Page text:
Traits of Travel: Or, Tales of Men and Cities, Volume 1

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Wells and Littly, 1829 - Electronic book - 230 pages
 

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Page 221 - O foolishness of men! that lend their ears To those budge doctors of the Stoic fur, And fetch their precepts from the Cynic tub, Praising the lean and sallow abstinence.
Page 132 - Tis past conjecture ; all things rise in proof: While o'er my limbs sleep's soft dominion spread, What, though my soul fantastic measures trod O'er fairy fields ; or mourn'd along the gloom Of pathless woods; or down the craggy steep Hurl'd headlong, swam with pain the mantled pool ; Or scaled the cliff; or danced on hollow winds, With antic shapes, wild natives of the brain...
Page 224 - Whatever earth, all-bearing mother, yields In India East or West, or middle shore In Pontus or the Punic coast, or where Alcinous reign'd ; fruit of all kinds, in coat Rough, or smooth rind, or bearded husk, or shell, She gathers, tribute large, and on the board Heaps with unsparing hand.
Page 133 - Fantastic passions! maddening brawl! And shame and terror over all ! Deeds to be hid which were not hid, Which all confused I could not know Whether I suffered, or I did : For all seemed guilt, remorse or woe, My own or others still the same Life-stifling fear, soul-stifling shame.
Page 132 - In thoughts from the visions of the night, when deep sleep falleth on men, Fear came upon me, and trembling, which made all my bones to shake. Then a spirit passed before my face; the hair of my flesh stood up: It stood still, but I could not discern the form thereof: an image was before mine eyes, there was silence, and I heard a voice...
Page 226 - Glitt'ring with fire, where, for your mirth, Ye shall see first the large and chief Foundation of .your feast, fat beef: With upper stories, mutton, veal And bacon (which makes full the meal), With sev'ral dishes standing by, As here a custard, there a pie, And here all-tempting frumenty.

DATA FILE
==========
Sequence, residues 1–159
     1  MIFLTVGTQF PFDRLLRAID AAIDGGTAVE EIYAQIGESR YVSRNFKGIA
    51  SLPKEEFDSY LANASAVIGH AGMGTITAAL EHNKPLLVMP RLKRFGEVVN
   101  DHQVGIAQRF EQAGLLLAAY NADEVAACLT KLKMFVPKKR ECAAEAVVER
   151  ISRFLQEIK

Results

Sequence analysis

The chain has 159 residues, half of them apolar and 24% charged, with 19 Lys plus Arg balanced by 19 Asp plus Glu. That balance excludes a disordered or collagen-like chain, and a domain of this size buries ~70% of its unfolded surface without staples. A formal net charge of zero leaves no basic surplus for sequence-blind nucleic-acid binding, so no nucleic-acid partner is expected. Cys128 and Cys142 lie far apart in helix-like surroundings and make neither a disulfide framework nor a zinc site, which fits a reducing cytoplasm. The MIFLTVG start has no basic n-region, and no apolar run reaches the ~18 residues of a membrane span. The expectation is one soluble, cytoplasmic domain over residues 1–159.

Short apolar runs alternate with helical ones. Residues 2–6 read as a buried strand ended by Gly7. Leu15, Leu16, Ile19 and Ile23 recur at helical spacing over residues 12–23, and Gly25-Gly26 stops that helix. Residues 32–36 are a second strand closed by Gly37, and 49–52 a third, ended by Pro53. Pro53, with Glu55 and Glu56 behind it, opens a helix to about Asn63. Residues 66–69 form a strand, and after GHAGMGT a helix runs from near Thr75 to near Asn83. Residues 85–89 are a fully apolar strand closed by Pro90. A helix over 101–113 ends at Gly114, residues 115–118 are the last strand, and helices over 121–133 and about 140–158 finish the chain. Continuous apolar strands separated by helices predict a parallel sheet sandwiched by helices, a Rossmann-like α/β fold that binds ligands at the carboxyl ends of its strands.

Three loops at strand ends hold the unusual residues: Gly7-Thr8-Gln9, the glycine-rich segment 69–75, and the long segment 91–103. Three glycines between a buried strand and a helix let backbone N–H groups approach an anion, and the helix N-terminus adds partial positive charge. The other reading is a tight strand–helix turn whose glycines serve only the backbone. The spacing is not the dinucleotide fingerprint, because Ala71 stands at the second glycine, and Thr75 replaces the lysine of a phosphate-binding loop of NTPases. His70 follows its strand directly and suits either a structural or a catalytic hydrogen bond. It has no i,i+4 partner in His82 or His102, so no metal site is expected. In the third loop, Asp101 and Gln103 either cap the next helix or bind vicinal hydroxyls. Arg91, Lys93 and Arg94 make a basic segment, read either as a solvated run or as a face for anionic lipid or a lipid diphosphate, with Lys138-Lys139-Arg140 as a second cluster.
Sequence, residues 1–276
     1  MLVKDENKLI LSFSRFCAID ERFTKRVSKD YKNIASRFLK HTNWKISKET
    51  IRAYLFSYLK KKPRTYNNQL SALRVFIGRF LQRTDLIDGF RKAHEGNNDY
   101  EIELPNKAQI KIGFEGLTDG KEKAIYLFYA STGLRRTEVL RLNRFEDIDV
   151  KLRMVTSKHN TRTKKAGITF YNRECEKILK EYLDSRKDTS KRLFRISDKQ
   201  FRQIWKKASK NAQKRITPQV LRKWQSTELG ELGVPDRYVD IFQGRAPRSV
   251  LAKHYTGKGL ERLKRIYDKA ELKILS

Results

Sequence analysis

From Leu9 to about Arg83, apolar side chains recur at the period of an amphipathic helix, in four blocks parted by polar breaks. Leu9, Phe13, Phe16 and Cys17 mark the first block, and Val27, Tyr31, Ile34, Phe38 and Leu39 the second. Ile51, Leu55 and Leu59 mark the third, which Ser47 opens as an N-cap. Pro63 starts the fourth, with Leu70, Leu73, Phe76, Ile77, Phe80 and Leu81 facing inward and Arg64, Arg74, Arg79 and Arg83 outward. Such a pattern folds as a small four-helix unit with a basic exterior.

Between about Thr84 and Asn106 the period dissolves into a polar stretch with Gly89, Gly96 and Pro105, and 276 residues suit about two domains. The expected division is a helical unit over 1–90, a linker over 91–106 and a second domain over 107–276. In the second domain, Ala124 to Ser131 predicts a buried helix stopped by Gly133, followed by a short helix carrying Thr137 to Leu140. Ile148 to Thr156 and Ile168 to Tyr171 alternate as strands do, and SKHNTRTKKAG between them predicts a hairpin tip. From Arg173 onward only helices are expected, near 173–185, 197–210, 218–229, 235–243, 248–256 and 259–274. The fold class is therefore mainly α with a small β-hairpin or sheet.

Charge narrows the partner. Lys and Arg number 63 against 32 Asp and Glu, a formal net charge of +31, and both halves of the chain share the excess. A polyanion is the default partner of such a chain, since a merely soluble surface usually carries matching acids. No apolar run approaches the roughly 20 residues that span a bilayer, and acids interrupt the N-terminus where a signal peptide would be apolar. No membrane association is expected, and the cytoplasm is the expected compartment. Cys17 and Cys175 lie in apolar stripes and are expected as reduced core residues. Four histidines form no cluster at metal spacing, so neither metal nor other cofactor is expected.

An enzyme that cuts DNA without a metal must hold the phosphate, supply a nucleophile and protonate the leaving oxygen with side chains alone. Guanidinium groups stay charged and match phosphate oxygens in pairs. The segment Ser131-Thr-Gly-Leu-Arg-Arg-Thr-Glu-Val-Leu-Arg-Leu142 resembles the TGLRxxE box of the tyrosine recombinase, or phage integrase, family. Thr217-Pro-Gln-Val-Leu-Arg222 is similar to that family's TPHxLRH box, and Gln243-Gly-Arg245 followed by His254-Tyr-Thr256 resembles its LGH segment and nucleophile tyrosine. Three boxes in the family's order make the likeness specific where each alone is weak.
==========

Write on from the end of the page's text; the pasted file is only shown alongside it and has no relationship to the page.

Page 227 - To store her children with : if all the world Should in a pet of temperance feed on pulse...
Page 132 - Tremble, m'at-elle dit, fille digne de moi ; Le cruel Dieu des Juifs l'emporte aussi sur toi ; Je te plains de tomber dans ses mains redoutables, Ma fille. » En achevant ces mots épouvantables, Son ombre vers mon lit a paru se baisser ; Et moi, je lui tendais les mains pour l'embrasser ; Mais je n'ai plus trouvé qu'un horrible mélange D'os et de...
Page 225 - The rout of rural folk come thronging in (Their rudeness then is thought no sin), Thy noblest spouse affords them welcome grace : And the great heroes of her race Sit mixt with loss of state or reverence.
Page 129 - This extraordmary man is a half-pay colonel in the French service, though a German by birth. His limbs received their summary amputation by two quick-sent cannon shots at the battle of Dresden, I believe. Since he- was disabled, he has lived in his present retirement, -" passing rich on fifty pounds a-year ;" and happy is it for him that nature...

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